His college audition doesn't want to hear him say, 'Well I was in the 2nd cornet section, but I was actually better than the guys on first. My director just wanted someone else to play that part."
I wouldn't believe him and neither would anyone else.
The kid should have his chair.
The Willard of Oz
"Don't be afraid to see what you see."
there is no issue with "going for it". Still, Trumpetgeek is a freshman, still has plenty of time and we do not know the band directors side. He tried twice to get a first chair and was not successful. There may be more to the story!
The worst thing that could happen would be to become an unprofessional "bitter" second player. Obviously there is an issue that needs attending to, Trumpetgeek alone can figure out what that is and do what is necessary. The best course of action is to dig in, develop the qualities that give the band director no other choice.
Characteristics other than playing that "may" have influenced the band directors decision:
attitude - this is a big issue that covers pride, conceitedness, cooperative nature, team qualities, etc
ability to judge ones own limits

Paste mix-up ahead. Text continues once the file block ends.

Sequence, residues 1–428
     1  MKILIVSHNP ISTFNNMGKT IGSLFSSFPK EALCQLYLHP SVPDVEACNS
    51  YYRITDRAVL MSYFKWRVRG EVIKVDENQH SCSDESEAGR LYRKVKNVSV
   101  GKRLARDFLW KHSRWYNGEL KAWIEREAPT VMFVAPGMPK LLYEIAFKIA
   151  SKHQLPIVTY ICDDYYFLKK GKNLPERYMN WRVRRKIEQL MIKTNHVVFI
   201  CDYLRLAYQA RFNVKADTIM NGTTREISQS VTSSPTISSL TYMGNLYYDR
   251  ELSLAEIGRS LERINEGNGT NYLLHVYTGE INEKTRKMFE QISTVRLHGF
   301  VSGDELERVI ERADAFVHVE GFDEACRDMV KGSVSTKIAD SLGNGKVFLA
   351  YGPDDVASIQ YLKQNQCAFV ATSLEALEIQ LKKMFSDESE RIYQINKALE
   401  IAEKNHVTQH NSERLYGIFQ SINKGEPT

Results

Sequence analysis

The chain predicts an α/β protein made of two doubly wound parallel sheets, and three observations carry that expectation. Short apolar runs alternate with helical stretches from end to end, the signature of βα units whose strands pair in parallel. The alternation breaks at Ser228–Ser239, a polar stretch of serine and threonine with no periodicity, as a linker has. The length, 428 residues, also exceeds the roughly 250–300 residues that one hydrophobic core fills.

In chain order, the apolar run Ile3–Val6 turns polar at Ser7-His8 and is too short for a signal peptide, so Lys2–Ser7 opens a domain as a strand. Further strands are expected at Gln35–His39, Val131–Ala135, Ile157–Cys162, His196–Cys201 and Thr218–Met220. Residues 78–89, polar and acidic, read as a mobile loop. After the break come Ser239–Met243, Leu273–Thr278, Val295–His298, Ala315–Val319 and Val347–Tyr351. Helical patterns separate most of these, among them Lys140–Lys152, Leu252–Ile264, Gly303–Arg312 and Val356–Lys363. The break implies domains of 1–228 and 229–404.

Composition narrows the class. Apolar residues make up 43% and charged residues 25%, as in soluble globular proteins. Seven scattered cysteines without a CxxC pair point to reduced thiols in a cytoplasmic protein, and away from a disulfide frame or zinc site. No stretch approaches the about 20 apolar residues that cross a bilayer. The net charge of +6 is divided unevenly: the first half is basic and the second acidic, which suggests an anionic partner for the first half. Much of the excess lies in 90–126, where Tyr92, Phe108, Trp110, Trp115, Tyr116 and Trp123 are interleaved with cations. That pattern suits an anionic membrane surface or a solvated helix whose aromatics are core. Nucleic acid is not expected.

opinions of other classmates/section mates
Naturally, each player decides what is good for them. I read that Trumpetgeek has told us about the bad qualities of certain other players, but no mention has been made if he considers ANY of the other players to be worthy of having a "better" position.
Nope, I think paying your dues is not a bad concept and that starts with a big picture of yourself - much more than just playing ability!
Whenever I feel blue, I start breathing again.
When first went to college aged 20 to study trumpet I had never even held one as i auditioned on the cornet.
One stuck up idiot took every opportunity to take the micky out of me. I worked 5 hours a day learnt to transpose and got to know the different styles. Second year we had to audition for every concert and i knocked this guy of the first chair and stayed there till i left winning the prize for the best trumpet and a second for best orchestral player in the college, the only brass player to ever win it.
I only mention this to show you that talent and a lot of work will put you there eventually.
I also agree with what a previous guy said, you do need strong players on all parts or the band just sounds duff.